woensdag 17 juni 2015

The Subways. The Subways

Somewhere in the previous decade there was this band from England that caught my attention and especially the opening song, 'I Want to Hear What You Have Got to Say', from the band's first album. After that The Subways and I parted ways. The follow up albums didn't agree with me in some way and I forgot all but about the band, except for that one song that every once in a while comes by on this old mix tape (yes, tape!) in the car. Strangely enough a few months ago I wondered whether The Subways had ever made a new album in the past five years or so. Coincidences don't exist, as I found out that there was a new album called The Subways. And yes, I like it.

At first and second listening that's not so strange. The Subways do a Blood Red Shoes on their new album. The Subways has pace, it rocks and presents all the right melodies within songs. Boy-girl vocals all over the place. The singing is much more a mixed affair than I remember from 2005. It gives the songs on The Subways the right kind of variety. On top of all this the band manages to play with the rhythm within the different songs. No matter how hard the band rocks out, like in 'Dirty Mighty Paws', loud riffing all over the place, a tempo shift clears the sky and opens up the song in a beautiful way. These sort of changes The Subways manages to weave through their music, making The Subways an impressive level of proficiency.

The Subways is Billy Lunn, guitar and vocals, Charlotte Cooper, bass and vocals and Josh Morgan, drums. The trio started out as a grunge cover band, but wound up as a Britpop, punkrock band. Loud with a lot of pleasant melodies, with a modest amount of anger infused into the songs. 'Young For eternity' was released in 2005. The Subways is the band's fourth album. It appears I haven't missed an album anyway.

The Subways is certainly the band's best album since its debut. Being a trio there's a lot of sound to fill. Josh Morgan is the kind of drummer to do just that. He is all over the place. His drumpatterns are not only busy, but inventive as well as varied. A lot is going on. There are not many records on which my attention is on drums as much as this one. Josh Morgan lays a foundation that is utterly fascinating. He not only sets the pace but also makes the mood tense or loose. A rare feat for a drummer.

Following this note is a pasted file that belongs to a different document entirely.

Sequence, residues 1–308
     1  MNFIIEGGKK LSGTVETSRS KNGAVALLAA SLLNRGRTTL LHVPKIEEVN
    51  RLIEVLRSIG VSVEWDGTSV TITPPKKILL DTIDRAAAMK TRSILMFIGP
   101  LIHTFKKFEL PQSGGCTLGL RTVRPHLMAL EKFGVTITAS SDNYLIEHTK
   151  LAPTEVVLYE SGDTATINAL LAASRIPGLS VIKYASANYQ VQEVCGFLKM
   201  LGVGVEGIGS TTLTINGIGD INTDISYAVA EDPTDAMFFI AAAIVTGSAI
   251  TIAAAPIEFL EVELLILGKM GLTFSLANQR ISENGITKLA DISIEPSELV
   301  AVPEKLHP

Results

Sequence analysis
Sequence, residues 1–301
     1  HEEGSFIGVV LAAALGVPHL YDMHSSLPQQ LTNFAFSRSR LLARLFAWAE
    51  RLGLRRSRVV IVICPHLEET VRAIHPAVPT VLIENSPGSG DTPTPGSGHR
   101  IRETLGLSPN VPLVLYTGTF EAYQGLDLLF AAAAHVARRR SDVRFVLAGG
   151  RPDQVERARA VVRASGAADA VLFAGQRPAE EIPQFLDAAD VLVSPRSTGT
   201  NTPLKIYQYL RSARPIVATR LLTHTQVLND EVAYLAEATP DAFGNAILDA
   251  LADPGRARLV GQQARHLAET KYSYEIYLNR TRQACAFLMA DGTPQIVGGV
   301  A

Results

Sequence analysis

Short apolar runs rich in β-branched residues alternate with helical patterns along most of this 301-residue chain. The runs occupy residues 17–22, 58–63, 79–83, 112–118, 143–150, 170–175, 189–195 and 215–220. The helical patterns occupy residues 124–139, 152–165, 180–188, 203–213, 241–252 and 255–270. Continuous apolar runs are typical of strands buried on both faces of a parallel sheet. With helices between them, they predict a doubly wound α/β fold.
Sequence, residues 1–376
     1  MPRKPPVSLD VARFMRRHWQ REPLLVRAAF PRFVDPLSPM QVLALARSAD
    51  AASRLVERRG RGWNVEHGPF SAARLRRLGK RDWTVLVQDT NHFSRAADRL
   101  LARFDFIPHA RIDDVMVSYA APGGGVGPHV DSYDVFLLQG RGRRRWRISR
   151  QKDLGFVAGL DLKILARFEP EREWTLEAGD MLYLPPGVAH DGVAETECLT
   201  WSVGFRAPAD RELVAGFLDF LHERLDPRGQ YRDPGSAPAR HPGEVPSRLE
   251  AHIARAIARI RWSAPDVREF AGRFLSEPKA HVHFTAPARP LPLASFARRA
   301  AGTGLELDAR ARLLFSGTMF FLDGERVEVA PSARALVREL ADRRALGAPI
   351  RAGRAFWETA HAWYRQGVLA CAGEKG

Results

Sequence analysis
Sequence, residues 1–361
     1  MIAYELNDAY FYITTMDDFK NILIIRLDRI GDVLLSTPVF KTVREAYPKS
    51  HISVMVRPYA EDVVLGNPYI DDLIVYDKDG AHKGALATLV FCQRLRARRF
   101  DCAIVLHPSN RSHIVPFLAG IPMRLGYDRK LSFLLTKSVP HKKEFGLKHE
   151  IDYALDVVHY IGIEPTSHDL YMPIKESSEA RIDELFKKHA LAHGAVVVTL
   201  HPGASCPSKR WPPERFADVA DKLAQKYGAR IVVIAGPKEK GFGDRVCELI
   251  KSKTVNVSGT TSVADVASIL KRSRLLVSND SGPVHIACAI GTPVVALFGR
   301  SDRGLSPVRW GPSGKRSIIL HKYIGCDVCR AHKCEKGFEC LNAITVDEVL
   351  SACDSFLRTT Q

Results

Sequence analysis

Charlotte Cooper plays the Laura-Mary Carter role full of confidence and conviction. She even has the same intonation and all. The large difference is the number of snares on her guitar. Her background vocals and oohs and aahs makes The Subways grow close to the level that is reached on the album 'Blood Red Shoes'.

Billy Lunn, who is Josh's brother William Morgan, lets his guitars fill all that is left over. Large riffs, heavy sounding rhythms and lead playing in the placed where it's needed. Often more than one guitar is played, creating a layer of guitars that fill the sound.

Over this all the singing takes place. Lunn's voice seems too light for the music The Subways plays, but it really fits. Even in the darkest passages, where Lunn is more screaming than singing, like in 'Black Letter', he easily gets away with it. The harmonies top it all off, making The Subways and extremely pleasant album,  despite its heavy sound. Strangely enough the only song the band puts the brakes on, 'Because of You (Negative Love)', is the song that I have some difficulty with. Acoustic guitars and a piano, the song doesn't fit in it seems.

For me it's clear. Give me the volume, the guitars, the drumming, the singing. The whole way. The name Blood Red Shoes falls an awful lot in this review. That may be seen as something negative, but in this cases it most certainly is not. The Subways have made an album that is just good. There's nothing left to say.


You can listen to 'Taking All the Blame' here:


or buy at Bol.com

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